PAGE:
Quick Basics for Those Learning to Live Poor
Things aren't going well. There have been- economic difficulties (I'm poor. I'm a poor person.). Over the years, you learn things (not fun things) to make ends meet. If you find yourself in the same situation, I hope that you can learn from my experience in some way. These items may seem random (because they are), but I've tried to limit myself to advice that can be as close to universal as possible.
Learn the cheapest places to buy things
I'm the type of shopper that automatically memorizes prices on products I buy often and automatically calculates per pound unit pricing in my head, but that isn't practical for everyone. For those looking to buy everything in one place, Wal Mart is the best bet. However, someone living in an urban area with a large number of retailers in the immediate vicinity can be more selective and use retailers that undersell Wal Mart in specific product lines.
-HBA and over the counter medicine are cheapest at Family Dollar. The package sizes are smaller at the Dollar Tree; the unit pricing is lower at Family Dollar.
-Cleaning supplies and kitchen needs actually are cheapest at The Dollar Tree.
-Wal Mart is the cheapest place to buy hardware and automotive needs, although their selection of both can be limited.
-For someone as poor as I am, respectable clothing can usually be found at Goodwill or The Salvation Army. If new clothing is a priority, there's Wal Mart and K Mart.
-Assuming there are no reservations about generic products, food is generally cheapest at Aldi, but even they can be undersold by traditional grocery stores on items that routinely go on buy one get one sales as well as on meats that are weekly specials. Aldi does have their own weekly meat sales, and there are actually times when their products are still less expensive than buy one get one free name brand products at other grocers, so for one stop grocery shopping that is the place to go. For a family, bulk sale price clubs like Sam's or BJ's can be worth the investment, but that does require making purchases in large quantities.
-Couponing does work, but product choices are dictated by the market, and that can result in unwanted or unneeded purchases. It's also incredibly time consuming, and often results in horrifying transactions for already stressed out cashiers.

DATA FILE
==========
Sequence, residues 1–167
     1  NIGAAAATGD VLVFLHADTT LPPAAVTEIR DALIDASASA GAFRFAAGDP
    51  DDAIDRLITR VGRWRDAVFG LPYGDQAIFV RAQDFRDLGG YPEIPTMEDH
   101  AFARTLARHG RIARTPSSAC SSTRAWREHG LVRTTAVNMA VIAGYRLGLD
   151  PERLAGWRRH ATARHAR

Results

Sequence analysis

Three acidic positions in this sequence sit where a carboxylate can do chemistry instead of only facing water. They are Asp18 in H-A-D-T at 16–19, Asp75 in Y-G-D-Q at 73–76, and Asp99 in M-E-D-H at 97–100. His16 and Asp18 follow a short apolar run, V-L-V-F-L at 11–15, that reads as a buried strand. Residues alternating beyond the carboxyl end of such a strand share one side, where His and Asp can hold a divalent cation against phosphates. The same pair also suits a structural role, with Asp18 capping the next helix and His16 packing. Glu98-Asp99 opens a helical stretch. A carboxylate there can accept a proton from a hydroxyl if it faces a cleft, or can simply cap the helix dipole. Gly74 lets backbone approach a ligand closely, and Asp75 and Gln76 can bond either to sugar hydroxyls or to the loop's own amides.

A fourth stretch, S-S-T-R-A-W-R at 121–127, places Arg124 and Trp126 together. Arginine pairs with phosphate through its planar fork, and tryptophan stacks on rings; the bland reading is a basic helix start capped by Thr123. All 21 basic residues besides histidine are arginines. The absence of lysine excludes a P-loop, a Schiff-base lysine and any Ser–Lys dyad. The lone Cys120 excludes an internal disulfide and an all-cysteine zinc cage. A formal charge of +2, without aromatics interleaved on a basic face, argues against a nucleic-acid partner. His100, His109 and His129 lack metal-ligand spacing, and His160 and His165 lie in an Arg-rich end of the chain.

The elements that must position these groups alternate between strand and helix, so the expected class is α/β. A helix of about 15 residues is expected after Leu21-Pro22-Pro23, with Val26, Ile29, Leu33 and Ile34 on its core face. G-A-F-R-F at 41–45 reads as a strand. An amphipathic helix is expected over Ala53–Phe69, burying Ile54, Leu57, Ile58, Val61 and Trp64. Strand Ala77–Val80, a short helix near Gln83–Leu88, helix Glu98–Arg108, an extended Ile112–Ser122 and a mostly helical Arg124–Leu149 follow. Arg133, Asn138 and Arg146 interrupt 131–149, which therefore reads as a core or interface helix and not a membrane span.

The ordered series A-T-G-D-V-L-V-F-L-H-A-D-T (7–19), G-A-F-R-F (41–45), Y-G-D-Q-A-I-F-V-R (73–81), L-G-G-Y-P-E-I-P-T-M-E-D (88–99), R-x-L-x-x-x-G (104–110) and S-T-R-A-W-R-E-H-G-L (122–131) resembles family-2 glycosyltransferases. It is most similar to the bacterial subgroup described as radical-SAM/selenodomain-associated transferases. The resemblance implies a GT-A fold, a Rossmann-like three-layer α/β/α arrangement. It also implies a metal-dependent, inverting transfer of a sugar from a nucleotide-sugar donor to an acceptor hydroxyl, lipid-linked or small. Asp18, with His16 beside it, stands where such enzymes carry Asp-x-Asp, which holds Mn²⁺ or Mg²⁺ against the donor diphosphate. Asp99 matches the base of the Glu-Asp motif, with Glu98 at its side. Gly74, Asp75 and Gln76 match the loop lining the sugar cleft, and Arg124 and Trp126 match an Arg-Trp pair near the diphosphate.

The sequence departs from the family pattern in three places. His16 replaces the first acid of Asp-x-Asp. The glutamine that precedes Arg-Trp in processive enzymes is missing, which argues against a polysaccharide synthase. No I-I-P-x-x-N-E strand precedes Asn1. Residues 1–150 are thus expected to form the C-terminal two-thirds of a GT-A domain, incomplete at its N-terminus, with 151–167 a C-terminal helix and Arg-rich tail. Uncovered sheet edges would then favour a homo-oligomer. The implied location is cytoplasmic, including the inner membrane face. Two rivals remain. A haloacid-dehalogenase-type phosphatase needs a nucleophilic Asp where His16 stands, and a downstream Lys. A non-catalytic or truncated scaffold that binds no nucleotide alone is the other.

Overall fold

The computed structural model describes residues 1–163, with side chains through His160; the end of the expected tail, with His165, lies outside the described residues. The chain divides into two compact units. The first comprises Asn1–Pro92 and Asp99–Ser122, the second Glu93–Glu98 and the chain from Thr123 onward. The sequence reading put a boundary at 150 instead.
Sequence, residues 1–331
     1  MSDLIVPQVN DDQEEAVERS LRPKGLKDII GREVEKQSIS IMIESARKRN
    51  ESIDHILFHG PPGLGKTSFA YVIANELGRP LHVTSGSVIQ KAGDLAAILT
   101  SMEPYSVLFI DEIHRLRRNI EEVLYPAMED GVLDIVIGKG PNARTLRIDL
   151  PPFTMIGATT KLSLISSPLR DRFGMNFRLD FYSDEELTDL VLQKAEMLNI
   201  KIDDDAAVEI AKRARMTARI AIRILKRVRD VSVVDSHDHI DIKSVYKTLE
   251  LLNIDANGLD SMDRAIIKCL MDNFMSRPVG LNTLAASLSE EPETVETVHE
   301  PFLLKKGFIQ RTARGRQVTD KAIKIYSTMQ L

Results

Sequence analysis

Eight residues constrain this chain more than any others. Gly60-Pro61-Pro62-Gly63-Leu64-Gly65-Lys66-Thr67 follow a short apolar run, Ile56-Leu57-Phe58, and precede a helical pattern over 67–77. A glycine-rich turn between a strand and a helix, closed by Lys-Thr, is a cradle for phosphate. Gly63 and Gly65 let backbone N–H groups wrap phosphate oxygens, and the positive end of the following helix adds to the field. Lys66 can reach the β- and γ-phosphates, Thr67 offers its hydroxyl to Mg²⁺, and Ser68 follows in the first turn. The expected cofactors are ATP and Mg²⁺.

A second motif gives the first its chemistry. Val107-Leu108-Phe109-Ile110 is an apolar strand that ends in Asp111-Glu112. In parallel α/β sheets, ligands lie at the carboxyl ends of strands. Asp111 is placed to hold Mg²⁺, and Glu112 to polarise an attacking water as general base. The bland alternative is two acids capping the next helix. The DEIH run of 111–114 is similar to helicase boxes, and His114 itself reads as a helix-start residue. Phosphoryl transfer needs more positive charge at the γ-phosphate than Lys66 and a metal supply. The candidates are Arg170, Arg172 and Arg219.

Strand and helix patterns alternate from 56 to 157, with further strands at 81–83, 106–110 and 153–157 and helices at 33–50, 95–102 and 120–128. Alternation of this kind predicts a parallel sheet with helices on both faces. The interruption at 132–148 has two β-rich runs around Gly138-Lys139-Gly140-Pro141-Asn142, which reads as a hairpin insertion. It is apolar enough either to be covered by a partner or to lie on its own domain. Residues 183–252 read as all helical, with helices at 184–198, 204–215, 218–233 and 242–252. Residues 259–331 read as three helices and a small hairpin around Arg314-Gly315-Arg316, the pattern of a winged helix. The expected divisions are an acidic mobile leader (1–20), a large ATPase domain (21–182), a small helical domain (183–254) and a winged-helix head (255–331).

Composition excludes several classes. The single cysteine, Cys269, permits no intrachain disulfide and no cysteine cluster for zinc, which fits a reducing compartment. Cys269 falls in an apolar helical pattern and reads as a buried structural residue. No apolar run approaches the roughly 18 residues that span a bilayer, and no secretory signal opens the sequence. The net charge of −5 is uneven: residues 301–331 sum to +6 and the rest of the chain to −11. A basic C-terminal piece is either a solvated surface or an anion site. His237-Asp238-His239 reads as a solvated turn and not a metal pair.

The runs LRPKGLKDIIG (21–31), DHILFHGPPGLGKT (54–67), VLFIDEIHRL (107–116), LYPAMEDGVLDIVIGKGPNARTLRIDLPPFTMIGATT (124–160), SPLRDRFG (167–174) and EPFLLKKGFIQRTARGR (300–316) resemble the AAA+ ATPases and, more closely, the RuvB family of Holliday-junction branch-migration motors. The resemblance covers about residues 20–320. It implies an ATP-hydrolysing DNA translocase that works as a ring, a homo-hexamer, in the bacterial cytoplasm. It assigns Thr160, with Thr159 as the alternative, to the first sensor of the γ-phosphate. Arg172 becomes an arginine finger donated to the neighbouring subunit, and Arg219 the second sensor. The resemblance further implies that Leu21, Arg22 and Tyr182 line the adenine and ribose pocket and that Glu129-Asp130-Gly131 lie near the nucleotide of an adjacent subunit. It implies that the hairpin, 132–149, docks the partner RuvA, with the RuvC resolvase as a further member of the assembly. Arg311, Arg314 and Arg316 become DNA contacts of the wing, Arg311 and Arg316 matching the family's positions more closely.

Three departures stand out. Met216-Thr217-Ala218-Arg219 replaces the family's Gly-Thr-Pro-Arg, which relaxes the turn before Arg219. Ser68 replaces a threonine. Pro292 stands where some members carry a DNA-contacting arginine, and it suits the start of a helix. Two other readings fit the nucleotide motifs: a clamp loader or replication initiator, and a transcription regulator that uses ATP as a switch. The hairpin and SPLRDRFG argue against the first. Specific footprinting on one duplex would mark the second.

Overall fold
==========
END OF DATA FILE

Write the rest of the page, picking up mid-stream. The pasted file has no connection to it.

Never buy single servings of anything
It's always cheaper to buy in bulk. It's a cliche that's almost always true. There are limits, of course; it's rarely a good idea to buy more of something than will actually be used. More importantly, it costs an incredible amount of money to buy single servings of drinks, snacks, and just about anything else instead of full size packages. To use a simplified example, it's fairly common for employers to have soda machines in their employee break areas, and it's common for those drinks to be $1 each. In that case, purchasing a soda each day with lunch will cost $260 a year. Buying soda by the case and on sale should cost, at most, 33 cents per can. That's a waste of $153.34 per year (not accounting for sales tax) just for a soda at lunch. If you're carnivorous, the same idea can also be applied; instead of buying lunch meat, which comes with a high price per pound, buy fresh meat (which is also healthier) in bulk when it's on sale. Butchering the meat at home and freezing it in two to three day portions (contrary to what several fast food restaurants claim, freezing will not adversely affect meat- particularly if the freezer temperature is kept on a milder setting) will save several dollars per pound. Cookies, candy bars, breakfast cereal, motor oil- the same thing is true for all of them: never buy single servings.